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Online Threats - Spam


What is spam?

Spam is the electronic version of "junk mail," unsolicited e-mail that advertises a service or product.

Where does spam come from?

Most spammers use spam to advertise, some use it to distribute viruses, trojans and worms while others simply use it to annoy. Email accounts are traditionally targeted most but recently spammers have become more innovative. Spam can now be found on blogs; instant messaging; social networking sites, such as MySpace and FaceBook; and even mobile phones.

How does spam affect my computer?

While spam may not necessarily contain viruses or malware, it is a nuisance and results in loss of productivity when you are forced to sift through unwanted messages every day. For large organizations it can mean loaded email servers that threaten the health and operation of their IT systems. In extreme cases, spammers have secretly commandeered computers with malware to act as an email server, which is then used to forward spam messages to other email recipients.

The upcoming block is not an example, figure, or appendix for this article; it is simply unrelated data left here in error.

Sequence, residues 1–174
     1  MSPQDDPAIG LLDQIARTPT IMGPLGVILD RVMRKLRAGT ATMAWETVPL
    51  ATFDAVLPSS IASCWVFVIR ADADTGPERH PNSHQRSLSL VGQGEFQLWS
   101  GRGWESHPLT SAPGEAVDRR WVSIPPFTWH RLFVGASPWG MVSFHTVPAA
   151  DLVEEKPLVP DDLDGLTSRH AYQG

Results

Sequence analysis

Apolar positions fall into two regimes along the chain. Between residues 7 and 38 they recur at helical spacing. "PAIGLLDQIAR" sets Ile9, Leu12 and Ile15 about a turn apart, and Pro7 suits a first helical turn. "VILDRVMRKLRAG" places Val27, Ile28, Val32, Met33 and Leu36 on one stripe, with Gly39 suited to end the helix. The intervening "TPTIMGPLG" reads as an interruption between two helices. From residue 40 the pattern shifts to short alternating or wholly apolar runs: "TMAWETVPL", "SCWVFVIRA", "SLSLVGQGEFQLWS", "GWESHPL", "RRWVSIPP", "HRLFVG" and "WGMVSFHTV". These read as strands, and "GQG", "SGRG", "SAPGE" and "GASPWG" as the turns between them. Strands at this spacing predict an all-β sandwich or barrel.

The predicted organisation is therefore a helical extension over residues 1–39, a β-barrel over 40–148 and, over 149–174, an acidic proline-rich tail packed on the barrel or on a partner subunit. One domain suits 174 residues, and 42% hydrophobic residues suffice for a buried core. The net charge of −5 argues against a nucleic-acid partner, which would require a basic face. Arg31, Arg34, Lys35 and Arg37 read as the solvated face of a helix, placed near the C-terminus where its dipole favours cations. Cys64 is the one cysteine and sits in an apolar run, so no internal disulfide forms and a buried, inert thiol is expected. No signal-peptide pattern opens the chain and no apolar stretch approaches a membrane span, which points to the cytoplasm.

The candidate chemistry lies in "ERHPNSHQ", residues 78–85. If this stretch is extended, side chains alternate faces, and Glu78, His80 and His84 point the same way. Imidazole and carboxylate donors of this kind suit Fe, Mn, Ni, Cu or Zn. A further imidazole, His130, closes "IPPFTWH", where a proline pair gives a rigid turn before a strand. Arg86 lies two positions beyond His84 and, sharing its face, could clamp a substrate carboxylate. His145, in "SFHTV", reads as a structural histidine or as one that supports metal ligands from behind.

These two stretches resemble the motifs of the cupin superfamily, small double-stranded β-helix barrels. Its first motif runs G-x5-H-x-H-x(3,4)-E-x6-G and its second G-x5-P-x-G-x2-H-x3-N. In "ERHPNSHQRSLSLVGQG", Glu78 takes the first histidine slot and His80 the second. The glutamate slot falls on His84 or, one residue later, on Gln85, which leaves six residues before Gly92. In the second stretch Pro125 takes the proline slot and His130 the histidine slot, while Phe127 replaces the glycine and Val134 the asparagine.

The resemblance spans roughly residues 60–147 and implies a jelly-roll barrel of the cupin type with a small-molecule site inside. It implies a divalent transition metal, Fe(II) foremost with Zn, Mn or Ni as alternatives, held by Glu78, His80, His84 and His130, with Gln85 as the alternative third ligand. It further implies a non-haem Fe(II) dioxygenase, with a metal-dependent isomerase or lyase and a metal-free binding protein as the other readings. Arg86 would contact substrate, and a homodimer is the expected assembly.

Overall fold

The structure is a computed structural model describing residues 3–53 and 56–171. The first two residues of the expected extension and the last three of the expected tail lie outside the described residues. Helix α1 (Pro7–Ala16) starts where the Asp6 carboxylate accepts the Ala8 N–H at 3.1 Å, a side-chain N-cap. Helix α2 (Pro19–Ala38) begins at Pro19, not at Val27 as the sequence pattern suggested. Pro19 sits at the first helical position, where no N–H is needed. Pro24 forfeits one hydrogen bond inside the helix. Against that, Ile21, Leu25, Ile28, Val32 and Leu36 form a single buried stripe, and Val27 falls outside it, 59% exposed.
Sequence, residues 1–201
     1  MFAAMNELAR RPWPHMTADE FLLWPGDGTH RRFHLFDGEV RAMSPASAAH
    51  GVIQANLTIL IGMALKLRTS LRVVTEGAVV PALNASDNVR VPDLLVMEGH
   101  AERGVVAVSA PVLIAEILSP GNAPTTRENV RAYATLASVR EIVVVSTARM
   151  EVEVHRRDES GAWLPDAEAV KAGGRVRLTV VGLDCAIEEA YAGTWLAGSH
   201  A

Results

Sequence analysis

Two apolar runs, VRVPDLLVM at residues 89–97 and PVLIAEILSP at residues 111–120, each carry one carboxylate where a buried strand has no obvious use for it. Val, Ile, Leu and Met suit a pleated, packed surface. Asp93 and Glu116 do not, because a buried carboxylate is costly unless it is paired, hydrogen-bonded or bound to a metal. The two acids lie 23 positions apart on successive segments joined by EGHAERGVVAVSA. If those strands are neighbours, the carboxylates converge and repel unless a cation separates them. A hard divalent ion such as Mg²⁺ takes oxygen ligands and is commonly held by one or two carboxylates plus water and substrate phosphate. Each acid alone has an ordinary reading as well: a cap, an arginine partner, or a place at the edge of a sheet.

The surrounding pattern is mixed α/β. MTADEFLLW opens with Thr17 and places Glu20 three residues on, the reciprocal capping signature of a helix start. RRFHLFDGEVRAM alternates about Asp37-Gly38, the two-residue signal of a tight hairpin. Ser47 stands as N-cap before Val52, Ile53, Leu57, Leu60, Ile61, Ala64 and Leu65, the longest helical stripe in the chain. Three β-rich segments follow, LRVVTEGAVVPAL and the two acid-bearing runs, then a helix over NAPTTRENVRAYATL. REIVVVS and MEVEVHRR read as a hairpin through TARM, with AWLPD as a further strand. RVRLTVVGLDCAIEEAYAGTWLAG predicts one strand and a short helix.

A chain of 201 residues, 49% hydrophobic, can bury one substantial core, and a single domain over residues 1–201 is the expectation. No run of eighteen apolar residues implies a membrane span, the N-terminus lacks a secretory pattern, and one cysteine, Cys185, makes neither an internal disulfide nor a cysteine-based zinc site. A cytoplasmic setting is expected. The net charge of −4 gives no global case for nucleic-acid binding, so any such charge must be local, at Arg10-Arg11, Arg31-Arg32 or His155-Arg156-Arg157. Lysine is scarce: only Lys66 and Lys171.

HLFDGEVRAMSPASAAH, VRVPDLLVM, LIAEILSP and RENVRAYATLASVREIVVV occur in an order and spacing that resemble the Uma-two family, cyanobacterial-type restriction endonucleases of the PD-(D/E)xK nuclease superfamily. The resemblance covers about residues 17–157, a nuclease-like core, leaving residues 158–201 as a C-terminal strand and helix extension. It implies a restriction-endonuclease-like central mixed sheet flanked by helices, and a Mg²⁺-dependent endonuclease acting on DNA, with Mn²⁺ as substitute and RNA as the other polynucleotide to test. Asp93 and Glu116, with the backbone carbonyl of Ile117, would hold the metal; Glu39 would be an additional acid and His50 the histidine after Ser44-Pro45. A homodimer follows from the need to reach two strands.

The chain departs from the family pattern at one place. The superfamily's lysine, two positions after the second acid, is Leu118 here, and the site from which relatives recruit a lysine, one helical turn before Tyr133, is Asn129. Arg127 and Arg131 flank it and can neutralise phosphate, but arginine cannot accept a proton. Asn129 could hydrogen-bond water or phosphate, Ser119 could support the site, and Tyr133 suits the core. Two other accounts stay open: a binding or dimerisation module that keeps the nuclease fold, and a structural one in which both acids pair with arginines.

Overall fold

How do I protect myself from spam?

Spam is a common, and frustrating, side effect to having an email account. Although you will probably not be able to eliminate it, there are ways to reduce it. One way is through filtering spam using approved sender lists. For example, you can set Hotmail to deliver only messages from your contacts while the rest is sent to the junk folder. Other e-mail programs let you do the same thing through a filter rule. Remember to scan your junk folder occasionally.

Help reduce irritating spam:

  • Look for a company's privacy policy before submitting an email address. Every reputable company will have a link to their privacy policy explaining what they intend to do with your information.
  • When you sign up for online accounts or services, make sure you deselect optional choices selected by default.
  • If you follow links or reply to spam messages, you are confirming that your email address is valid and will get even more junk mail, so avoid the temptation to click.
  • Sign up for a challenge/response spam service.
  • Open a second email address specifically for online shopping, chat rooms, signing up for services, etc. to protect your primary address from accumulating spam.
  • Look at the WOT scorecard before clicking to an unknown site. The ratings and user comments can help protect you from a bad experience.

See also Adware, Browser exploits, Internet fraud, Malware, Phishing and Spyware